As a manager of other team members, weekly one-on-ones come with the territory. We had these even when I was using Jigso. The difference is that now I found myself spending more time preparing for each meeting, making sure everyone was on the same page and on top of their work. It got so bad that I soon felt I was spending more than half of my week on meeting admin or micro-management. It sucked.

Towards the end of the last week, I noticed if I worked hard enough on my systems, I could almost outwork my inefficiencies. But this also meant that I only had time to do the bare minimum. I worked enough to keep customers satisfied, but no more. I kept the boat afloat but not full steam ahead as I could with Jigso. I didn’t have the capacity. Gone were the days when I'd set aside time to brainstorm ways to take the customer experience to the next level. Done is better than good became my approach to everything.

But if I took a step back and reflected, these weeks taught me more about my limitations than anything else. I learned that no matter how hard I hustle, I just can't work without Jigso. James Clear, the author of Atomic Habits, has this theory that "You do not rise to the level of your goals. You fall to the level of your systems." And while I'd agree with this up to a point, I also think there's no system robust enough to help me do my job without dropping balls. Yes - My workload is that intense. 

Overall impact 

I know how it sounds, but Jigso changed my relationship with work and time. It freed me up to do important things and gave me the extra hours I needed to do things well. This wasn't about more time to do more work. It was about more time to do the work that really mattered. Not using Sidekick for a month made me appreciate that to another level. No more 'done is better than good'. With Sidekick, I could strive for perfection. Or, at the very least, exceptional customer experience.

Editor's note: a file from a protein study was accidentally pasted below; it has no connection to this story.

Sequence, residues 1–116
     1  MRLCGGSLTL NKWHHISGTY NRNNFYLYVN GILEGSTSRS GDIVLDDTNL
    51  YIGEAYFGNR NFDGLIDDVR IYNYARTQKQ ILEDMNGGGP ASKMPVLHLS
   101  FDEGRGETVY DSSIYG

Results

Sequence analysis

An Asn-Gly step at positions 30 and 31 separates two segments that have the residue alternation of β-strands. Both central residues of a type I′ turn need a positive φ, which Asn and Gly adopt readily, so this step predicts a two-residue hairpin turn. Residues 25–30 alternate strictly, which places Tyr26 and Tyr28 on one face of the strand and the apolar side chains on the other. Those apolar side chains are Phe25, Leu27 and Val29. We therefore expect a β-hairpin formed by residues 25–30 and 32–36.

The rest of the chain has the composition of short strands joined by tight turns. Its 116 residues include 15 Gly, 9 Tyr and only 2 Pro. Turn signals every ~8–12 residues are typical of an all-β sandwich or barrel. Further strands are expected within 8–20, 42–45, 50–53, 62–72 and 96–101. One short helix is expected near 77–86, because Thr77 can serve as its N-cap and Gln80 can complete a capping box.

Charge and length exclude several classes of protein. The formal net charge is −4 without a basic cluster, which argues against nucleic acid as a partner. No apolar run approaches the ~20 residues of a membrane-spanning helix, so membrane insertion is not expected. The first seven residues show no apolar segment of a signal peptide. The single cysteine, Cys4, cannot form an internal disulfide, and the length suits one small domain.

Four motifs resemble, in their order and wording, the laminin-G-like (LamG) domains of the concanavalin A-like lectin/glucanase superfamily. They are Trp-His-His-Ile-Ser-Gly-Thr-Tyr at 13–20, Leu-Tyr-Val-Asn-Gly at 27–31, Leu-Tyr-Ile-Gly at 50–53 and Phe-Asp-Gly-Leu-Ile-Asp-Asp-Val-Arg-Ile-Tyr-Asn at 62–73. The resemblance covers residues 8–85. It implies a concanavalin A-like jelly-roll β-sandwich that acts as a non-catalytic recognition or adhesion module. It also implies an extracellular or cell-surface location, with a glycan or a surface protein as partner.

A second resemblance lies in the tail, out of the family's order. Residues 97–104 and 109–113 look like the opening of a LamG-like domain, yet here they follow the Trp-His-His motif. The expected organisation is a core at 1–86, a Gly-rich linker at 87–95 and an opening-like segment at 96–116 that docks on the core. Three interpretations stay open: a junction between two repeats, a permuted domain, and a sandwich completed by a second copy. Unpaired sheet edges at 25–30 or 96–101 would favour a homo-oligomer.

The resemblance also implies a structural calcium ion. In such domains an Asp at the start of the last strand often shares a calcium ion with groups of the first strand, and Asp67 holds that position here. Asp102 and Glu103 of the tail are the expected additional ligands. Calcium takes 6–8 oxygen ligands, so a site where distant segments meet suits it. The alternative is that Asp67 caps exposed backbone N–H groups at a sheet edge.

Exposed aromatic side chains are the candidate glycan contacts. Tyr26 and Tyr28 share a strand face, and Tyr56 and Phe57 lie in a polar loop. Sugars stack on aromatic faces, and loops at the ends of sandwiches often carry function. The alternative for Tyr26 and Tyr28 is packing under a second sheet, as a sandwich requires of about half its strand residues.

But that's only part of the Jigso's impact. I wanted a better sense of Jigso's real, bottom-line impact. So, over the 30-day experiment, I manually tracked how much time I spent doing everyday work tasks. These are the hours I'd get back with Jigso.

During the 30-day experiment, most days looked like this:

  • Slack and emails: At least 60 minutes
  • Dashboard Analysis & Reporting: between 60-120 minutes
  • Searching apps for data & answers: 60-90 minutes
  • Meeting prep: 30-60 minutes
  • Team management: 60-120 minutes
  • Client issues and tickets - 45-60 minutes
  • Come in at least 30 minutes earlier
  • Left at least an hour later each day 

That's at least 5 hours spent searching for information and answers, analyzing data, prepping for meetings, and making sure everything from clients and prospects to team members is on track. These were all tasks that held us back from adding value and moving the needle. Think about that: FIVE HOURS EVERY DAY!

But here's the thing: what I'm learning is that there are the five hours of quantifiable time-sucky tasks, and then there’s the other stuff. This is the stuff that’s almost impossible to measure, but can make or break a team. Think of things we don’t have KPIs for, like time management, stress, anxiety, and happiness. Jigso was a game-changer for me in this area. It allowed me to focus on the important things, reduced my stress, made me a better team leader, and boosted my team's efficiency because we were all just happier campers. Win!

For me, there's this unmistakable line in the sand, carved in neon read. "Do Not Cross," the line seems to say. This line separates my life before Jigso and everything that comes after. For me, there's no going back. And it's not that I can't imagine life without Jigso. I lived that life for years. It's that I'm not willing to go back there. Why would I willingly do that to myself?! I've left the world of time-stress, overwhelm, and ball-dropping behind for good. And I invite you to do the same. 

Give Jigso AI Basic a test drive today or book time with the team to learn about the enterprise version here and see how it makes work simpler.

Shai Ritblatt
Head of GTM & Customer Success